4. 4. Saleem M. Dahabreh Int. Journal of Engineering Research and Applications ISSN: 2248-9622, Vol. 4, Issue 2( Version 1), February 2014, pp.407-412 A B Figure 3 graph A depicts the relationships of connectivity between courtroom set, circulation systems and external world as prescribed in the US Court Design Guide, 2007. Graph B depicts the relationships of connectivity between the functions on courtroom floors (Source: Author) The question to be examined next is the extent to which these graphs are realized in actual courthouse buildings. The 25 buildings included in the analysis were chosen according to the availability of full architectural plans. They are designed by different architects in different styles over a period of fifteen years in different parts of the United States of America. For security concerns, neither architectural representations i.e. plans nor images or names of courthouses will be declared, only diagrammatic representations can be found in figure 4. Figure 4diagrmatic representations of the 25 analyzed case studies Of the 25 courthouses, 16 conform to the graph shown in Figure 3b. The remaining 9 courthouses are described by 6 different graphs. The set of graphs is shown in Figure 5. Graph A in figure 5 represents the generic graph in figure 3b where 16 courthouse prescribe to it, graph B has three cases prescribing to it, graph D and E have two courthouse prescribing to each, while the rest of the graphs have only one courthouse prescribing to each of them. The main conclusion that follows from Figure 5 is the set of relationships prescribed in the design guide are almost universally adhered to by two thirds of the studied sample with almost a third deviating in some respect from the prescription. The results of the analysis are probed further by looking into the order of integration of the various spaces. This is given in Table 1, which arranges spaces in descending order of integration from left to right. Of course, only the 16 court buildings with identical graphs display the exact same overall order of integration. However, a better understanding can be gleaned by looking at two different subsets of spaces, circulation spaces on the one hand, and main use spaces on the other. 410|P a g e
  5. 5. Saleem M. Dahabreh Int. Journal of Engineering Research and Applications ISSN: 2248-9622, Vol. 4, Issue 2( Version 1), February 2014, pp.407-412 Figure 5 graphs representing connectivity relationships realized in a sample of 25 court buildings (Source: Author) 16 Courts R. H. Cir P. H. Cir C. C. Ent. S. H. Cir. J. D. R. J. Ch. N. Y. and A. C. Ent. P. H. Cir C. R. H. Cir S. H. Cir. A/W 1 A/W 2 O&S P. H. Cir C. C. Ent. R. H. Cir J. D. R. S. H. Cir. K P. H. Cir R. H. Cir C. Ent. C. J. D. R. Ch& Co C. R. H. Cir P. H. Cir C. Ent. Sc R. H. Cir P. H. Cir C. C. Ent. Ta P. Rest P. W. P. Rest P. W. A/ W 1 J. Ch. P. Rest C. S. F. J. D. R. P. W. A/ W1 A/ W2 J. Ch. S. H. Cir. P. Rest P. W. J. Ch. J. D. R. S. H. Cir. J. Ch. P. Rest J. D. R. A/W 1 S. H. Cir. C. S. F. J. Ch. C. S. F. P. W. A/ W 1 A/ W 1 P. W. C. P. S. Rest F. R. H. P. H. C. C. A/W S. H. J. D. J. C. P. P. Cir Cir Ent. 1 Cir. R. Ch. S. Rest W. F. Table 1 Rank order of Integration of spaces in sample of court buildings Circulation will be discussed first. In 20 out of 25 cases the order of integration of circulation A/ W2 C. S. F. C. S. F. A/ W2 A/ W2 A/ W2 A/ W2 S. H. A. S. H. A. S. H. A. S. H. A. S. H. A. S. H. A. S. H. A. spaces is: Restricted Horizontal>Public Horizontal>Secure Horizontal. In the remaining 5 411|P a g e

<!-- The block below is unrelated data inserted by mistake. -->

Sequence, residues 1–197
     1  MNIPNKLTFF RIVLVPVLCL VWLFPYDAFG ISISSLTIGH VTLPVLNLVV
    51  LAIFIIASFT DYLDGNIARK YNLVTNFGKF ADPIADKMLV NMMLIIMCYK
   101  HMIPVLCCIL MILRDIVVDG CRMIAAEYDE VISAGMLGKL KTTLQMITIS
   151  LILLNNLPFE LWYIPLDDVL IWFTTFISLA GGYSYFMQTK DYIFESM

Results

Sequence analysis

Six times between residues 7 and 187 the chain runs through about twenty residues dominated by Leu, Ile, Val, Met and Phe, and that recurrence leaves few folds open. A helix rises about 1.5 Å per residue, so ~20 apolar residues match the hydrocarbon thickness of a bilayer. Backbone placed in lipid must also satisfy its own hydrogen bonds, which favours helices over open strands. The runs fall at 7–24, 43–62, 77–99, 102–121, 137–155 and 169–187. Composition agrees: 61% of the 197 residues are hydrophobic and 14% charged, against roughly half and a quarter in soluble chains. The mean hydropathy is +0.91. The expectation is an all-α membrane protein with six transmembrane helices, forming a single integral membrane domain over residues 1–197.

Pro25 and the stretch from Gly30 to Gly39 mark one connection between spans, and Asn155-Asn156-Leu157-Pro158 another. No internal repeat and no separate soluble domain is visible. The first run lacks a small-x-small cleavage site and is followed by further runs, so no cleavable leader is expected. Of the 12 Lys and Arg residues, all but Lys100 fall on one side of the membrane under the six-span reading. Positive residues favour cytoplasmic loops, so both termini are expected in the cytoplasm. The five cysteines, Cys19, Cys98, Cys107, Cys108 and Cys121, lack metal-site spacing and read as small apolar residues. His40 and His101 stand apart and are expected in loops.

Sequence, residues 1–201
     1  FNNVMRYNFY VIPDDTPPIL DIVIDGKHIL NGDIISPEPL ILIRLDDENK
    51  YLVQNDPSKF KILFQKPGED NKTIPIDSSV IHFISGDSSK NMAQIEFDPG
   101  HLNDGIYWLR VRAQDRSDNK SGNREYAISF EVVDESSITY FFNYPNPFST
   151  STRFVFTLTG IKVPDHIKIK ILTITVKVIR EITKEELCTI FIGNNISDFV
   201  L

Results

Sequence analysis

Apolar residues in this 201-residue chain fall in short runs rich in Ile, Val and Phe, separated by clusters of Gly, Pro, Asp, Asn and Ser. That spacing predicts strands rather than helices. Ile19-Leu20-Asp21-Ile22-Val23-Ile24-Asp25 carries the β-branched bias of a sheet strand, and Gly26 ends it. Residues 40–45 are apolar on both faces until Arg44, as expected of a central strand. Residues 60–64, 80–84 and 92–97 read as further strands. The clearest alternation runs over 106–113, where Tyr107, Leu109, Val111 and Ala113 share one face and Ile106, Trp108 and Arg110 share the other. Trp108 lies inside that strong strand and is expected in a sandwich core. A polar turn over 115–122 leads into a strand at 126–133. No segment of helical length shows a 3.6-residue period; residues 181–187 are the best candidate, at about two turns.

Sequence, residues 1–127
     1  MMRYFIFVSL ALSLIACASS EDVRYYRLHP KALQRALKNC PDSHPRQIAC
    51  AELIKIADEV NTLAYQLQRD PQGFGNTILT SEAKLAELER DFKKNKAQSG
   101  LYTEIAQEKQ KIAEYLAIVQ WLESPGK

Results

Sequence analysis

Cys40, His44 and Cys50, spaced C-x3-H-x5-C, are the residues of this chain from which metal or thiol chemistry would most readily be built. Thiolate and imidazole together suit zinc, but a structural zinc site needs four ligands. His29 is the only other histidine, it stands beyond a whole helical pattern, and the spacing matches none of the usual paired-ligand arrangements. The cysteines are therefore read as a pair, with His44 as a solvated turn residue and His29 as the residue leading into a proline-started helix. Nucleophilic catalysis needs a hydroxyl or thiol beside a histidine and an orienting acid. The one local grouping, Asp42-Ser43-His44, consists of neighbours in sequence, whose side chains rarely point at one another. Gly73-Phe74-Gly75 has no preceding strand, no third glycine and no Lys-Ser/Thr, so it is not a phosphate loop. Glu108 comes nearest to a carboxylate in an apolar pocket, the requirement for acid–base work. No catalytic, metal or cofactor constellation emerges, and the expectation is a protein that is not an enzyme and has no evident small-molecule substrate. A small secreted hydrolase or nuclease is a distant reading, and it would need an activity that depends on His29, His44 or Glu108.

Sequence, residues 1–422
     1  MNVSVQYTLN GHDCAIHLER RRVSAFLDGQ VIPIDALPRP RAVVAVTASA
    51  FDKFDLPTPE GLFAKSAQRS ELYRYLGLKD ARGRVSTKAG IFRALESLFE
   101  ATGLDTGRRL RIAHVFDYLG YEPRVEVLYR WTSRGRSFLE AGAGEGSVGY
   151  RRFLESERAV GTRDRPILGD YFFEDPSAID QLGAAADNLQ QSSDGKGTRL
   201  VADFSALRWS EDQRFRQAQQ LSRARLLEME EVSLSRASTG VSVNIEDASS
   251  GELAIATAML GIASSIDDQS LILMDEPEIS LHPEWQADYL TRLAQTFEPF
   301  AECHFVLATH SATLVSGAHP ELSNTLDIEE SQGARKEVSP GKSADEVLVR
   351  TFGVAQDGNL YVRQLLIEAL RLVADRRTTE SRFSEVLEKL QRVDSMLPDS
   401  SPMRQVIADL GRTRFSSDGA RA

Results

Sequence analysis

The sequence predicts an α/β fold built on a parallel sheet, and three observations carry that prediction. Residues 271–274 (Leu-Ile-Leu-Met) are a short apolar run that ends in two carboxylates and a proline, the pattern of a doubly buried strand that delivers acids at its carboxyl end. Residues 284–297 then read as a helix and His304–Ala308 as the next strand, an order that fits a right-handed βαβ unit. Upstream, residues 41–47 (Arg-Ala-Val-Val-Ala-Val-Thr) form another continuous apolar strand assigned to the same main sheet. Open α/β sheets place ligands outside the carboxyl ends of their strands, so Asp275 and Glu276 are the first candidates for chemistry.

6. 6. Saleem M. Dahabreh Int. Journal of Engineering Research and Applications ISSN: 2248-9622, Vol. 4, Issue 2( Version 1), February 2014, pp.407-412 cases the order changes to: Public Horizontal>RestrictedHorizontal>Secure Horizontal. Thus, the stability of relationships between circulation spaces is greater than the stability of the graph as a whole. The secure circulation, devoted to defendants in custody, is always the most segregated part of the circulation system. The circulation systems devoted to the public and the judicial staff do not have a stable relationship. There is, however, a very strong tendency for the circulation corresponding to the judicial staff to be the integration core of the building. Most courthouses, therefore, are inhabitant-center buildings, if we follow [1] in calling “inhabitants” those who are in charge of the social knowledge that governs building function. Turning to use spaces, we observe that the order of integration: courtroom>jury deliberation room>judge‟s chambers>secure area is stable across all 25 court buildings. Other use spaces, and most notably those associated with the attorneys, have shifting positions. The attorney witness conference room is entered either from the courtroom vestibule in most cases, or directly through the public horizontal circulation (in three cases). IV. CONCLUSIONS This paper argued that the design of Courthouse buildings is highly restricted and prescribed according to programmatic requirements resulting in a limited number of functional genotypes that underlie the design of varied physical configurations. Although Courtroom floors analyzed do not universally replicate the patterns of connectivity prescribed by guidelines, there is a universal inequality genotype governing the relationship of main use spaces. Furthermore, there is a very strong genotypical tendency regarding the pattern of circulation. The patterns of connection realized in individual buildings vary slightly. The variation, however, is underpinned by clear genotypical tendencies that are, by the statistical stability, of certain kinds of relationships. These relationships, more than the programmatic documentation, can be construed as the objective “programmatic charge” which constraints the design of courthouse buildings. Thus, it becomes quite evident that the restrictions imposed by the program and the guides are inscribed in the spatial structure of courthouse buildings. Finding of this paper can be further investigated by enlarging the selected sample either to confirm the finding or enlarge the number of genotypes that can be found. These findings can also in providing a quantitative solid base of comparison between different case studies. Finally, such research can be furthered by analyzing how these different genotypes are geometrically realized in real life or proposed designs. References [1] Hillier, Bill, Hanson, Julienne,The Social [2] [3] [4] [5] [6] [7] [8] [9] Logic of Space(Cambridge; New York: Cambridge University Press, 1984). Hillier, Bill, Space is the Machine: a configurational theory of architecture(Cambridge; New York, NY, USA: Cambridge University Press, 1996). Dahabreh, Saleem M.,The Formulation of Design: the Case of the Islip Courthouse by Richard Meier, PhD Dissertation, Georgia Institute of Technology, Atlanta, GA, 2006. State of California Task Force on Court Facilities. (1999) U.S. Courts Design Guide, 2007. Hardenbergh, Don, et. al.,The Courthouse: a planning and design guide for court facilities. 2nd edition. (Williamsburg: National Center for State Courts, 1998). Phillips, Todd S., Criebel, M., Justice Facilities,(New Jersey: John Wiley and Sons Inc., 2003) March, Lionel, Steadman, Philip, The Geometry of the Environment: An introduction to spatial organization in design, (Cambridge, Massachusetts: The MIT Press, 1971). Mitchell, William J.,The Logic of Architecture: Design, Computation, and Cognition,(Cambridge; Massachusetts, London, England: The MIT Press, 1990). 412|P a g e